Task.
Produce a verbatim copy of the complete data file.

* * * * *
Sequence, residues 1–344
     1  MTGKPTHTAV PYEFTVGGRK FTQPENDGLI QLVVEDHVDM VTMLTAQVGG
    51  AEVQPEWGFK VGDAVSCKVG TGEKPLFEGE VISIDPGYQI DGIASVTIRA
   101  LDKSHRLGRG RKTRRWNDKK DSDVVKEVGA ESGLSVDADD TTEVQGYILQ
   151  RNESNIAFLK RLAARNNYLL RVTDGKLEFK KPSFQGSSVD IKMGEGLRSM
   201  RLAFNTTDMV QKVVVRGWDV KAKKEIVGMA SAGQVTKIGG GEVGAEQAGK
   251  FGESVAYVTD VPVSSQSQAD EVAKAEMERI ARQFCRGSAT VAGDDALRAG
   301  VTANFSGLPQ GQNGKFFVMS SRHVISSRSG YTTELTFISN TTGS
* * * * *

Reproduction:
Sequence, residues 1–344
     1  MTGKPTHTAV PYEFTVGGRK FTQPENDGLI QLVVEDHVDM VTMLTAQVGG
    51  AEVQPEWGFK VGDAVSCKVG TGEKPLFEGE VISIDPGYQI DGIASVTIRA
   101  LDKSHRLGRG RKTRRWNDKK DSDVVKEVGA ESGLSVDADD TTEVQGYILQ
   151  RNESNIAFLK RLAARNNYLL RVTDGKLEFK KPSFQGSSVD IKMGEGLRSM
   201  RLAFNTTDMV QKVVVRGWDV KAKKEIVGMA SAGQVTKIGG GEVGAEQAGK
   251  FGESVAYVTD VPVSSQSQAD EVAKAEMERI ARQFCRGSAT VAGDDALRAG
   301  VTANFSGLPQ GQNGKFFVMS SRHVISSRSG YTTELTFISN TTGS